Every five years, we get a new set of USDA dietary guidelines. The guidelines are developed by experts and outline scientifically validated nutrition and dietary information for the US population. The last set of guidelines arrived in 2015, which means the next set is slated to arrive later this year.
We were curious to hear what dietitians have observed about the future of eating and overall wellness. Where is culture shifting, and what new ideas are becoming internalized within the nutrition community? This is what four experts had to say about what we should see more of in the years to come:
Mindful and intuitive eating is now taking center stage. More experts want you to focus on the process of eating and truly enjoy your food. “Start by ‘setting the mood,’” says Megan Wong, RD. “Try and limit distractions, putting away any screens and devices. Play background music if it helps, and make your dining area an enjoyable, relaxing place to be.” Wong says mindfulness is different for everyone. “For some, it’s thinking about where your food came from and how it got to your plate,” she says. “For others, it means eating more slowly, paying more attention to the textures, aromas, and tastes of what you’re eating and how you feel.”
Thinking about how food tastes and why we eat can help us develop a healthier relationship with food in general. This goes hand-in-hand with intuitive eating, which Bonnie Roney, RD, a registered dietitian and Food Freedom coach, says is letting your body’s “inner wisdom, hunger and fullness cues guide” decide when you eat and what you eat. “Those who eat intuitively have been found to have less disordered eating, improved body image, decreased weight cycling and lower BMI,” she says. The lessons? Eat slowly, enjoy each taste, listen to your body when it says it’s full, and don’t deprive yourself.
Carbs get the fat treatment. There was a massive fear of fat back in the 1990s. This is when the low-fat phenomenon swept through the country, and everyone was following high-protein, low-fat diets to turn themselves into so-called “beacons of health.” Today, we understand there are healthy and unhealthy fats. Monounsaturated and polyunsaturated fats—like the fats in avocado, nuts, olive oil, and fish—are superfoods. Saturated fats—like those found in processed foods, cheese, butter, coconut oil, and red meat—should be limited in the diet.
Today, we understand the nuance. And today, carbs are getting similar treatment, says Amy Goodson, MS, RD, CSSD, a dietician and board-certified specialist in sports dietetics. “The conversation is shifting from carbohydrates as a macronutrient to limit, to a conversation about which are more nutrient-rich than others,” she says.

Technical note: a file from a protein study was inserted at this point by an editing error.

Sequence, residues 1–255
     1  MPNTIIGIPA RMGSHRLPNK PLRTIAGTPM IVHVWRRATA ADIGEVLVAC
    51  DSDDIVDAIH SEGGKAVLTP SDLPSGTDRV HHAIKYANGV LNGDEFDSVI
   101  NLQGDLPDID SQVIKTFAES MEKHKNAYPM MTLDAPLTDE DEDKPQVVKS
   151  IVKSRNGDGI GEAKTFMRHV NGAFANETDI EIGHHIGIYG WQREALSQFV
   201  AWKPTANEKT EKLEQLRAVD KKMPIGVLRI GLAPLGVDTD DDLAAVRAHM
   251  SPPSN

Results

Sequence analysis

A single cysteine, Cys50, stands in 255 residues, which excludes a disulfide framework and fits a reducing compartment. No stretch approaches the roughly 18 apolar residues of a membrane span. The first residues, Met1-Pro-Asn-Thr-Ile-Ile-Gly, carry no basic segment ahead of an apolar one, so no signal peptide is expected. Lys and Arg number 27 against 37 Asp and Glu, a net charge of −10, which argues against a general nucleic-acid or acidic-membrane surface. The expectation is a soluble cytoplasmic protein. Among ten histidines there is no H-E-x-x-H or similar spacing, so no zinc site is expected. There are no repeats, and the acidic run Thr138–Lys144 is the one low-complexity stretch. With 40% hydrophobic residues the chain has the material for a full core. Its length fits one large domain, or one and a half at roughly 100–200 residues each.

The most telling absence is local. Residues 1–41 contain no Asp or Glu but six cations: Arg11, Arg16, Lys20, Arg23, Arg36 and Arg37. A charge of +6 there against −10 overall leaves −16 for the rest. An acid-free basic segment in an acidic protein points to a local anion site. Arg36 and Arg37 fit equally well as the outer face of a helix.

Just like the categorization of fats, there is now recognition that there are healthy carbs and less healthy carbs—and what should be considered healthy vs. unhealthy may not be surprising to most people,” she says. Nutrient-rich carbs are whole grains, legumes, vegetables, and fruit. Refined carbs should be limited, like white bread, pastries, candy, and sugar-sweetened beverages.
All foods have a place on your plate. There’s room for all foods in your diet, even an occasional slice of cake after dinner or a rich pasta dish once in a while. “Carbs and gluten aren’t evil,” says Kathryn Bubeck, RD, a dietitian in Greensboro, North Carolina, and expert for InvigorMedical.com. “Some people feel better on a low-carb plan, some of us prefer high-carb. Unless you have celiac disease, there is absolutely no reason to eliminate gluten from your diet. To take this one step further, I wish people would stop eliminating entire food groups unless they have an actual medical reason to do so.”
Bubeck says the idea that some foods must be totally banned is “terribly outdated,” and there are really no “bad” foods. “Unless you’re literally eating expired, dirty, or rancid food, everything has some type of nutritional value,” she explains. “Villainizing certain foods can lead to disordered eating, and this can be a very hard cycle to break.” Enjoy it—the ice cream, the bread, the chips. Just don’t over-consume it.
Focus on your behavior, not just your weight. For so long, everyone looked at weight as a measure of health. But body mass index (BMI) is only one measurement, and it’s not an entirely accurate predictor of someone’s overall wellness, says Roney.
“Nutrition experts are continuing to learn how behaviors, not weight, are the best predictors of health,” she says. “Weight is not a behavior, and many registered dietitians are shifting from weight-focused to behavior-focused practices with patients and clients to improve health markers such as lowered waist circumference, blood pressure, or cholesterol.” Sure, weight loss will most certainly help to reduce these numbers, but you can achieve improvements by focusing on the behaviors or habits that caused the numbers to go up, not just weight.
It is more important that you eat a healthy, balanced diet versus falling inside a narrow BMI. Believe it or not, scientists have found other numbers that have nothing to do with weight—like the speed a person walks, or the intensity of their grip—can be predictive of a person’s overall health.
This information is for educational purposes only and is not intended as a substitute for medical diagnosis or treatment. You should not use this information to diagnose or treat a health problem or condition. Always check with your doctor before changing your diet, altering your sleep habits, taking supplements, or starting a new fitness routine.